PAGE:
May be the industry should move faster to NBase-T; 2.5Gbps / 5Gbps and thinking about 10Gbps on prosumer / SME Network instead?

    They say 802.11ax will substantially improve real world single client performance, which i hope it is true because as the article has shown, we aren't anywhere near 1Gbps Real world WiFi speed yet.
    Reply
  • cdillon - Thursday, December 31, 2015 - link

    I would love to see more reasonably-priced 10GBASE-T equipment. It's already not too bad from a prosumer standpoint. There would be little point to developing 2.5GBASE-T or 5GBASE-T at this point, though, since 10GBASE-T has been available for nearly a decade now. Reply
  • iwod - Friday, January 1, 2016 - link

    The idea for Base-T is that with a new controller, ( Router , NAS, and your computer ) You could get 2.5 / 5Gbps from an CAT-5e depending on Cable quality and length. For most home users I don't see why they can't achieve 5Gbps unless you live in a castle size home.

    My problem is that by the time Base-T standardise and widespread in consumer it will be 2018+. Why are we not forward thinking enough to have 10Gbps on the same controller as well? So it will negotiate the best transfer speed for that cable. I am sure for a lot of SME, and Home, their cables are decent and length are short enough to go 10Gbps.
    Reply
  • jhh - Sunday, January 3, 2016 - link

    By 2018, enterprises will have moved to 25G over copper, so the 10G parts might get cheaper as they try to milk the last revenue out of their 10G switches and NICs. The 25/50/100G ports are already in the market, but you need a PCIe3 x16 to handle 100G, along with interrupt steering to distribute the packets to multiple cores. Reply
  • p1esk - Friday, January 1, 2016 - link

    Exactly. Real world WiFi speeds are nowhere near 1Gbps. This link aggregation is really a solution to the problem from a fantasy land. Reply
  • ganeshts - Friday, January 1, 2016 - link

    I would think working MU-MIMO might alter the situation a bit. As you can see, we do get almost 1 Gbps with the 3x3 dual-radio configuration and link aggregation does help there.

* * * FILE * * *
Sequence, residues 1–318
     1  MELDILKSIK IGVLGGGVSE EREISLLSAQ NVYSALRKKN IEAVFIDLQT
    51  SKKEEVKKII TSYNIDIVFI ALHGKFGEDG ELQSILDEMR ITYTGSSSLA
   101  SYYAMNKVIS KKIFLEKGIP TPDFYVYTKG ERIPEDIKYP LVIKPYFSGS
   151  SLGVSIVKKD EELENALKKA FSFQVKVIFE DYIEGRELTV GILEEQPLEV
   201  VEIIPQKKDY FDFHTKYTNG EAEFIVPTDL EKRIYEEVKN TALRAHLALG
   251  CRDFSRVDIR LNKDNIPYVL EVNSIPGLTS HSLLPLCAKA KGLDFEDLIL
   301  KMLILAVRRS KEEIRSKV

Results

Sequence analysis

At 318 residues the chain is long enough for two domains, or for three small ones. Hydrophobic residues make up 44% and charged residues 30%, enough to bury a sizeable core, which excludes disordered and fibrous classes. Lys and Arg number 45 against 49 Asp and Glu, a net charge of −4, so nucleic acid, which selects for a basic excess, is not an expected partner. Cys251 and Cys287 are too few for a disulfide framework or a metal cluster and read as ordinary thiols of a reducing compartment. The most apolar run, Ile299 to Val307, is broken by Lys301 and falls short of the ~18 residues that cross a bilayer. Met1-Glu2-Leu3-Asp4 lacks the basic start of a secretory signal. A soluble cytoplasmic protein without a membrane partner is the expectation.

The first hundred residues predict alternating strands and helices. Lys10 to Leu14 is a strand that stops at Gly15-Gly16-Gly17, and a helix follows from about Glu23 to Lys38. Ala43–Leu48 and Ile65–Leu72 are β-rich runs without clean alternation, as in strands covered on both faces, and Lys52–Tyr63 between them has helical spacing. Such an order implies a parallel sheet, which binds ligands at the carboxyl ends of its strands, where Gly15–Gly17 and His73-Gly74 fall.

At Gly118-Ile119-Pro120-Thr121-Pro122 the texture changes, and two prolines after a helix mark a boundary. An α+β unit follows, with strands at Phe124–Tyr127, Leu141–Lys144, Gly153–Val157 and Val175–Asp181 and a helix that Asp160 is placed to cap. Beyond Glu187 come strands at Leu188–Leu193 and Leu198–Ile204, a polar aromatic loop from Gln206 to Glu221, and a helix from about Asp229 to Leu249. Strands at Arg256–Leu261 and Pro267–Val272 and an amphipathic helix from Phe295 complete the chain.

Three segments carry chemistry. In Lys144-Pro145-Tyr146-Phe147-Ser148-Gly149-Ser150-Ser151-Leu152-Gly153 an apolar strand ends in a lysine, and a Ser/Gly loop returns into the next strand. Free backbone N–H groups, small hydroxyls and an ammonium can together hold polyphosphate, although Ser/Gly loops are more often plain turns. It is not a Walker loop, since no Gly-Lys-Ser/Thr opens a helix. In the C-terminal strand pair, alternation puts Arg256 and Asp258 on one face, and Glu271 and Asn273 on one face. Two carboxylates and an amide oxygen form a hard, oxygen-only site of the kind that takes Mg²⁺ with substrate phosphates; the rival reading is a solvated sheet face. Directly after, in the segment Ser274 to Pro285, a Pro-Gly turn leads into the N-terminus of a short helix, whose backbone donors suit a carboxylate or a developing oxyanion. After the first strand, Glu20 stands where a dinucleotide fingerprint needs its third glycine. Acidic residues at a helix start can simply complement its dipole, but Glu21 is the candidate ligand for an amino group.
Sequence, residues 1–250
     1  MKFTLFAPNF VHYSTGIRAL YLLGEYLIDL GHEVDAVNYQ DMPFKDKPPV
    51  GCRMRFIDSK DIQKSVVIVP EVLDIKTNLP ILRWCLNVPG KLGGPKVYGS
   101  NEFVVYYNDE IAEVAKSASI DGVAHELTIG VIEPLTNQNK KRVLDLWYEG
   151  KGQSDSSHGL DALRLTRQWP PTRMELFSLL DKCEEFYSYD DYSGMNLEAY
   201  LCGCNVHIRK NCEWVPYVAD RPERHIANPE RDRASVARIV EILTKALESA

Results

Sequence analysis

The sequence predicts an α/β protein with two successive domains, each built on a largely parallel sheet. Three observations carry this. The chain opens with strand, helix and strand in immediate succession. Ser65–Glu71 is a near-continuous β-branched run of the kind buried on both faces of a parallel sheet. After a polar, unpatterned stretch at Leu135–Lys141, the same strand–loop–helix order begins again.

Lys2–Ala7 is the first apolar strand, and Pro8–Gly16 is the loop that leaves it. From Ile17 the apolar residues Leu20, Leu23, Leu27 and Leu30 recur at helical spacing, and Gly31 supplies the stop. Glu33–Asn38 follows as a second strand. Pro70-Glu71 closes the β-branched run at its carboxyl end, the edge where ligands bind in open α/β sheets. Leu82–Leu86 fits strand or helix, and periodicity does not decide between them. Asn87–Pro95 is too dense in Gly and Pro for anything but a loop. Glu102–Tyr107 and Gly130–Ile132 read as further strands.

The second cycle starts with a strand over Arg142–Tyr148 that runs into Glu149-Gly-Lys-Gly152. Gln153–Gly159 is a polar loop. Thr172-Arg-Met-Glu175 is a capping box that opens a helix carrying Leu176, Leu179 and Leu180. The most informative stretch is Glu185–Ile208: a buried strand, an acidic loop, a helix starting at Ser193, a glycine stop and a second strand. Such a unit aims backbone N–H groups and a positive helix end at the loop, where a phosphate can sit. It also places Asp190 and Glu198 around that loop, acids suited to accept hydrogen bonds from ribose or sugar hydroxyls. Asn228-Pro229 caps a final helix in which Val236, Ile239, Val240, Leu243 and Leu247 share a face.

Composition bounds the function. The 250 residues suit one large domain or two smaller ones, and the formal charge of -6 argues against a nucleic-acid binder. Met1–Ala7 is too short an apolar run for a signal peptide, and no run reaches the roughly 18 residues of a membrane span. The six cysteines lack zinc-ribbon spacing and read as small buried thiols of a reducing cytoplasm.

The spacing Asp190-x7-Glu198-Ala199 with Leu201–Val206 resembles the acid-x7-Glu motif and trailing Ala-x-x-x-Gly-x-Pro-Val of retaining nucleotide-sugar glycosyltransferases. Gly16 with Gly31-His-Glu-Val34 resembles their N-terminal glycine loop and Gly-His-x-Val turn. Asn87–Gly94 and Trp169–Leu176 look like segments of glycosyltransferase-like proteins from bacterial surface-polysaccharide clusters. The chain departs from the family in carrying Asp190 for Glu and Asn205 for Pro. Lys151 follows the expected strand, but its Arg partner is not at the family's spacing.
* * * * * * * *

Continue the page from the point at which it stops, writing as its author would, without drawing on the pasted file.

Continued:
Also, there is the matter of Qualcomm Atheros 4x4 routers that I am working on right now. They might be able to reach multi-gigabit throughput.
    Reply
  • magreen - Friday, January 1, 2016 - link

    @plesk: Couldn't agree more on the fantasy land comment.

    Their solution is a solution to the marketing problem--that their inflated marketing numbers have now outstripped the maximum one cat5e cable can provide. So they aggregate so that it's not theoretically impossible for their inflated marketing numbers to be correct.

    It's like "aggregating" two 64-bit CPUs so that you can claim your CPU is 128-bit. Which is useful in the real world for...precisely nothing.
    Reply
  • keithjeff - Saturday, January 2, 2016 - link

    Oh dear, have you seen the prices of Cisco nbaseT switches (or as they call them - mgig)?

    The enterprise price is bad enough at a fairly large discount. The one off price would stagger you. And yes, they will come down, but I have no idea when.

    Cheers,
    Reply
  • zodiacfml - Thursday, December 31, 2015 - link

    1024 QAM seems not be working. Do we have a review or test of the efficiency of increasing spatial streams? I once tested my Nexus5 with a speed test and I remember having it around 300 to 320 mbps speeds which is pretty close to the theoretical 433 mbps speed and not far from the 400 to 500 mbps actual speeds of 3 spatial streams. Reply